“What’s the matter?  You don’t like a bit of whimsy?”

    “Not when there’s a war on, Paul.”

    For 2 frames his jaw tightened, the eyes hardened and an icy wind blew my way.  He hated me and I had my moment that I had come to get.  To portray is to betray and now I know how much he hates that picture.

    Paul McCartney

    I often cycle through his London neighbourhood on my way home and twice now I have nearly run into him.  He seems to be in the habit of not looking before he steps into the road.  Both times he acknowledged it was his fault, “WHOA!! Sorry mate!”   If only, I ponder, he realized that that cyclist took the picture of him that he so loathes.  I smile wryly, drop my head and peddle on my way.

    Now here we are in Two Thousand and Ten and, as ever, we are only as good as our last entry.  Now I understand why three star Michelin chefs commit suicide, even though they may have been boasting those stars for 13 years.

    It.  Never.  Ends.

    Last year’s victory is this year’s faded glory.  This is how empires crumble and die.  People don’t so much get complacent, fat or lazy, but the world doesn’t stop for long to admire what they did last Wednesday.

    The world is always moving. It will, at least, show you respect if you keep moving with it.  Yeah, so you won something last month, what else?  I’ve got a friend and whenever I respond to his enquiry regarding my recent activity, he always responds with the line ‘what else?’  I say ‘Fuck you, pay the bill and claim your corporate expenses’  He doesn’t care.  What I have is not enough.  He is the world.

    Today, though, I do have a what else and it goes like this:

    “Dear Chris,

    Congratulations! Your work has been selected to appear in the American Photography 26 annual.

    On behalf of the entire jury, I thank you for your submission and support of American Photography. This year’s distinguished panel included Gail Buckland; Scott Dadich, Wired; Janet Froelich, Real Simple; Luke Hayman, Pentagram; Steven Kasher, Steven Kasher Gallery; Michael Norseng, Esquire; Kira Pollack, TIME.

    From over 8,000 pictures entered by over 1,200 photographers, magazines, agencies and publishers, the jury selected, by a majority vote or better, only 304 images to appear in the book and represent the best pictures from 2009.”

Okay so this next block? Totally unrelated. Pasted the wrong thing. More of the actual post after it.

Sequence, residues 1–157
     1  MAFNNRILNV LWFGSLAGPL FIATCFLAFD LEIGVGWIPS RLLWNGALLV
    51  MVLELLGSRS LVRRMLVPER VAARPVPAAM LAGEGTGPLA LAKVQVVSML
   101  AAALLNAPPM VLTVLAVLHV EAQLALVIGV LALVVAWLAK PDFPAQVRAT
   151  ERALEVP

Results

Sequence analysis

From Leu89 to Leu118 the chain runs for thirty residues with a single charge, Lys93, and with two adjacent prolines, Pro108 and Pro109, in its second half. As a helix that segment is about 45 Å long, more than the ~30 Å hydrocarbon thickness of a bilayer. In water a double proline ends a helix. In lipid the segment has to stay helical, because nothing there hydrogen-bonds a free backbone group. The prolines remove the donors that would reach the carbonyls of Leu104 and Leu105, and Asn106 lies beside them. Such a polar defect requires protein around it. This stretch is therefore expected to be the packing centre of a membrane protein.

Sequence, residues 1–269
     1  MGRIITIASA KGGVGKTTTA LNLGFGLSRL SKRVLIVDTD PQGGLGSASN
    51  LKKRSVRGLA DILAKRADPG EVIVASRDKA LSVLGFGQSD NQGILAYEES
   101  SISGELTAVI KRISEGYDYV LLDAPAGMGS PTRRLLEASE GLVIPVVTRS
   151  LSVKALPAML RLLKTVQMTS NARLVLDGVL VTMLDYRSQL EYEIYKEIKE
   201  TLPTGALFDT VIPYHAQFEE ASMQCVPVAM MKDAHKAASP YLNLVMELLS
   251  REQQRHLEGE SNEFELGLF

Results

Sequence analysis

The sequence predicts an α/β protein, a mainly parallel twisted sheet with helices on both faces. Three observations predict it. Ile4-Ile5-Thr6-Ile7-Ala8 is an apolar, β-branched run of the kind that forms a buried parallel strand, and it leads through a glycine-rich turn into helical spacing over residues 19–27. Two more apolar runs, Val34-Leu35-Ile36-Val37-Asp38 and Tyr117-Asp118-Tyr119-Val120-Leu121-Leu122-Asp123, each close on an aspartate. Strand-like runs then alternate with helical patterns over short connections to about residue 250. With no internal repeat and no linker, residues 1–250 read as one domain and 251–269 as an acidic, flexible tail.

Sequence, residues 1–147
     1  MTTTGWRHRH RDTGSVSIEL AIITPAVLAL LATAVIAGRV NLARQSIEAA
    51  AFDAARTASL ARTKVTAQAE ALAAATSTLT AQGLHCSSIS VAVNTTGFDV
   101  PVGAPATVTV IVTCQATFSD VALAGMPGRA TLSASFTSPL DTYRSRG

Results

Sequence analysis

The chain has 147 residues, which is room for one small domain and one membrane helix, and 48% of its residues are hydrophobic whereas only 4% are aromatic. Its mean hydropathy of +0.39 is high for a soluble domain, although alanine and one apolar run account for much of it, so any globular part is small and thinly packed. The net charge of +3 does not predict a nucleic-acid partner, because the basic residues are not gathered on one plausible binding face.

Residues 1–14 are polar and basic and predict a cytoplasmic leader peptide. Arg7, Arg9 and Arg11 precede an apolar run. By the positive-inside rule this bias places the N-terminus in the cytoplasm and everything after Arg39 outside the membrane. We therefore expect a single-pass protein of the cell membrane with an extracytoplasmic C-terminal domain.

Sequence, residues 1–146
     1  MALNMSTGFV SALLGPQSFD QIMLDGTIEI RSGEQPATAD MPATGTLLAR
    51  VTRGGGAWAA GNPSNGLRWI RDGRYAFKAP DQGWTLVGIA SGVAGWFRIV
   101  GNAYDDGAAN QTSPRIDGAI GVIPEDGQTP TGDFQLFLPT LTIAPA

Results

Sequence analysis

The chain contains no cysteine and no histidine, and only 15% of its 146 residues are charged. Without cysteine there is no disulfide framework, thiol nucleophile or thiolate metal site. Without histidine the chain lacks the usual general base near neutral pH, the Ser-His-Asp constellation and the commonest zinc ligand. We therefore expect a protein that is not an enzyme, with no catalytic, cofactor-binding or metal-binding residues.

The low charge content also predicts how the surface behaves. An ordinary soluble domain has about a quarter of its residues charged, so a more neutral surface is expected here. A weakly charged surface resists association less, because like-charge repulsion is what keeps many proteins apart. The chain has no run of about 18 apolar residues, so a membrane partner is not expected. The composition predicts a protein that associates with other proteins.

After checking on the AP site (www.ai-ap.com) I was compelled to remove all my clothes and run naked to the bottom of the garden and back when I discovered that 3 of my photographs have been chosen to appear in the annual.  Siddown! That’s one percent of the book.

    Two of these pictures were from a two night residency at Brixton Academy in London on behalf of the band Kasabian last summer.  A great commission from Roma Martyniuk, the creative director at Sony Music, to spend the two nights in and around the band photographing any how and anything I chose.  So, on the second night, with our “Triple A’ access all areas pass we took our equipment down to the gap between the front of the crowd and the stage and lit the hardcore fans with some high powered and mobile flash units.

    It’s been something of an obsession the last couple of years, the idea of applying studio lighting techniques to highly fluid and mobile reportage scenarios.  So I’m double double delighted that the third picture to make the cut was from a series I photographed on a grime club in London this year.  It needed a couple of assistants and it needed those assistants and me to develop a method of communication in a demonically dark and loud environment but we pulled it off and back at the top of this post you can see them all.

    The American Photography book is out in November and there’ll be a party for it in New York.  I’m looking forward to it.

    Enough now.  What else?

    Brixton Night 02

  2. Three Chords And The Truth

    Musicians say that by learning the chords A, D and E on the guitar you have enough to play rock and roll.  You can play in a day.

    Dig around in the crates of records made since the birth of rock and roll and you will find enough great songs made up of A,D & E to keep you going for the rest of your life.  Nobody owns those chords.  They’re just in the air, floating around for anyone who’d like to use them.  I don’t know who was the first person to put them together in one song but they created a very deep well when they did.

    Moving on then.  What we’ve got here is what I think of as the A,D and E of Photography.  Maybe there was somebody who did this before Richard Avedon and Irving Penn and as self consciously as they did but if there was someone then I don’t know who.  Today though, I’m going to mark this one down in the Avedon column – specifically the idea of taking a clean white background outside – tacked up to a wall or hung from a crossbar between two stands – facing away from the sun, in flat, diffused, non direct light, hopefully on a day when the world’s most massive softbox does all the work for you – a fat, blanketed, cloud laden sky.  The direct harshness of the sun is not what you want here.